Finding wonder, fantasy in Emma Wondra’s photos

Wondra’s ethereal photos combine bright colors while challenging traditional beauty standards.

Courtesy of Emma Wondra.

Courtesy of Emma Wondra.

Ksenia Gorinshteyn

One of Emma Wondra’s favorite photography technique involves broken glass bottles rather than just a change of lighting. 

She’ll shatter the bottles on her quest to find the perfect shard, which she’ll then hold in front of the camera lens. The result is a work of art with texture and layers rather than another model-photography image to scroll past on Instagram. 

Wondra’s striking work is colorful, whimsical and intimate. Each shoot brings to light every form of beauty. 

“I love capturing raw, honest and emotive things,” Wondra said.

She began photographing nature in 2010 but found that it didn’t satisfy her interests and aesthetics in the way she wanted. “I felt happier photographing themes that challenge beauty standards and are thought-provoking,” she said.

Among her portfolio of work, an Instagram profile with over 12,000 followers, glamorous pink-toned portraits sit next to dark and mysterious ones.

“I want my photos to look multi-dimensional,” Wondra said. “I want it to kind of look like a fantasy, whether it’s a pleasant one or a kind of creepy, delicate one.”

The photos are detailed, but Wondra’s process is simple. Most of her photos are taken against plain backgrounds or in the woods. She uses whatever is available to her as props. 

“The end product, the editing and how she’s able to piece things together is so impressive,” said Jack Kalvser, Wondra’s partner. “She sees things that other people don’t see, and she’s able to take something and make it work. [Wondra] just sees things way more different than you or I.”

Katrina Haugen, a friend of Wondra’s who has worked with her many times, echoed Kalvser. Haugen modeled for Wondra in a shoot where they walked until stumbling upon a pile of trash, where Wondra decided that was where they would shoot. She directed Haugen by telling her how to interact with the empty milk jugs and other garbage in the photos. Surprisingly, it worked. 

“It’s just so organic, the way that she sees things,” Haugen said. “She just puts it all together. You can’t plan it.”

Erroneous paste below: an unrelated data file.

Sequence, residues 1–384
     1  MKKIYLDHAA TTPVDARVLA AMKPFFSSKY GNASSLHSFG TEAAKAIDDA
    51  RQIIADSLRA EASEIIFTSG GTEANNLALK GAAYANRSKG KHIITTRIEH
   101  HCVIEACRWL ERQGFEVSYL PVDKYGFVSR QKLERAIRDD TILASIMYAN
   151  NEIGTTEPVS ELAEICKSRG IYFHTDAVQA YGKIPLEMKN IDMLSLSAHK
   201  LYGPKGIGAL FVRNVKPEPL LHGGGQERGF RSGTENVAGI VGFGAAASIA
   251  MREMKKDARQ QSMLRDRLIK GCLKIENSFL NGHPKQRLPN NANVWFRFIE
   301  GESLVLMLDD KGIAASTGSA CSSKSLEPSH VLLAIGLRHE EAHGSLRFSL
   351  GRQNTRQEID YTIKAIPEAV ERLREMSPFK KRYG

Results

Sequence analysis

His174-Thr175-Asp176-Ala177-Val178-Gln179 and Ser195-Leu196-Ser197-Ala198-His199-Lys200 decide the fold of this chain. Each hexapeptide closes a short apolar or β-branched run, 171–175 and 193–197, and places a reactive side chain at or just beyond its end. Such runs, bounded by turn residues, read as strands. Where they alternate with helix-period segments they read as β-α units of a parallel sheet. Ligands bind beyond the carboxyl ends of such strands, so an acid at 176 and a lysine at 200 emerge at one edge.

Many Minneapolis-based artists may recognize a few of the models in her work, like local musicians Bailey Cogan of 26 BATS! and Nadirah McGill of Gully Boys. Many of the photos include queer and non-binary folks and people of all shapes, sizes and backgrounds. However, some of Wondra’s favorite works are her self-portraits.

In one photo set, she’s pictured against a dark background and is wrapped in a towel with shaving cream on her face. She holds a shaving razor in a few of the photos, and in others, she’s intently staring into the lens of her camera. 

“I just feel so fierce and powerful and empowering,” Wondra said. “A lot of those self-portraits are also ways for me to process emotions. If I’m feeling a certain way or going through some kind event in my life and I need help processing those emotions, I turn to photography and self-portraits.”

Wondra’s focus on inclusivity and beauty in all forms makes her work both personal and relatable. 

“Given the amount of talent that [Wondra] has, and the visionary that she is, it’s so important and it’s awesome that she is being inclusive because she’s making images that are fine art,” Haugen said.

Wondra’s eye for fantasy, in tandem with her goal of creating a sense of comfort for her models during each shoot, is what makes her art so eye-catching.

“I want each shoot of mine to be very personal,” Wondra said. “I don’t want any of my shoots to ever be plain and unintentional. It’s all very unapologetic.”